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28 How pain-rating scales work (and do not work) in real life practice – a small conversation analytic study of five video-recorded hospice consultations
  1. Laura Jenkins and
  2. Ruth Parry
  1. Loughborough University


Background Assessing pain is a key palliative care task. Structured tools to assess pain intensity are commonly used, but patients report challenges in responding to these.

Aims The study aimed to analyse real-life episodes of pain scale use within hospice care, and develop communication training resources based on the findings.

Methods Pain scale use was identified in a dataset of video-recorded hospice consultations involving 37 patients and five doctors in a large UK hospice. The video data was subjected to Conversation Analysis - a direct observational approach to describing the challenges, structure and functioning of people’s interactional behaviours.

Results Pain rating-scales were used in 5/37 consultations. We found that patients capitalise on scale use: taking it as an opportunity to communicate multiple aspects of pain - not just intensity. Video-clips exemplifying this are included within ‘Real Talk’ training materials (, alongside learning points detailing how practitioners can support and encourage patients to do so. We found instances (2/5) of numerical scale misunderstandings. The experienced doctors we recorded handled these carefully. A video-clip demonstrating how a doctor and patient resolve a misunderstanding with caution and sensitivity is included in the Real Talk materials. Analysis-based learning points describe how practitioners can avoid resolving the misunderstanding in ways that imply the patient is to blame, and also consider how misunderstandings can take considerable time and interactional effort to resolve.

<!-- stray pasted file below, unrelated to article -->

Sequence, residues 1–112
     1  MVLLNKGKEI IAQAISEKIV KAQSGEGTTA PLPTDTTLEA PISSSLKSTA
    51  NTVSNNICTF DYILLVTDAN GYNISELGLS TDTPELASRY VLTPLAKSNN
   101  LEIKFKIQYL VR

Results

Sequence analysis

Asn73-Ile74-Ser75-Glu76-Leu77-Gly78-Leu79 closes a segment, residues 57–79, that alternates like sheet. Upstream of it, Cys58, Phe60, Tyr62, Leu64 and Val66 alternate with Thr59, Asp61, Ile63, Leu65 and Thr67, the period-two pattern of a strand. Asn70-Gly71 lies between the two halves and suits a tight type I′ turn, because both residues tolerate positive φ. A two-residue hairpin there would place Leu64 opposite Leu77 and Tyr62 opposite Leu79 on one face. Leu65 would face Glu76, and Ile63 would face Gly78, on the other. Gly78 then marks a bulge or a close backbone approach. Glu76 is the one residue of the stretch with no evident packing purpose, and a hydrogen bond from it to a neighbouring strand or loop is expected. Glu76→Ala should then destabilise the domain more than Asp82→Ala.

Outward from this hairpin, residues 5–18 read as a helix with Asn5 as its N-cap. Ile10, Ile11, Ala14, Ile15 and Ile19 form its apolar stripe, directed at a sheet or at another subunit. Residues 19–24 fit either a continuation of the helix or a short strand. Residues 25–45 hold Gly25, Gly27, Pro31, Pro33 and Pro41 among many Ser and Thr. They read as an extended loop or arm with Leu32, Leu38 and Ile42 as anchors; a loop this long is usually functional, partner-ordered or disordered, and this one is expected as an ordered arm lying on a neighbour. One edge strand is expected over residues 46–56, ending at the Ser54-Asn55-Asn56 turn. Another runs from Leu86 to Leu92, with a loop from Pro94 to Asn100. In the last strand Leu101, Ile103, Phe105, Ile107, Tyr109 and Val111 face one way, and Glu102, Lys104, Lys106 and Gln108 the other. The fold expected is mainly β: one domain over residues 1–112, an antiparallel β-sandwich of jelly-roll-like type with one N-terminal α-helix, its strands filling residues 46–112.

Conclusions Our analysis shows that pain rating-scales get used to report features besides their official target. Our findings directly underpin communication training resources for face-to-face training events - showing how professionals can support patients‘ maximal responses and how they can handle numerical rating misunderstandings in ways that avoid demeaning or disempowering patients.

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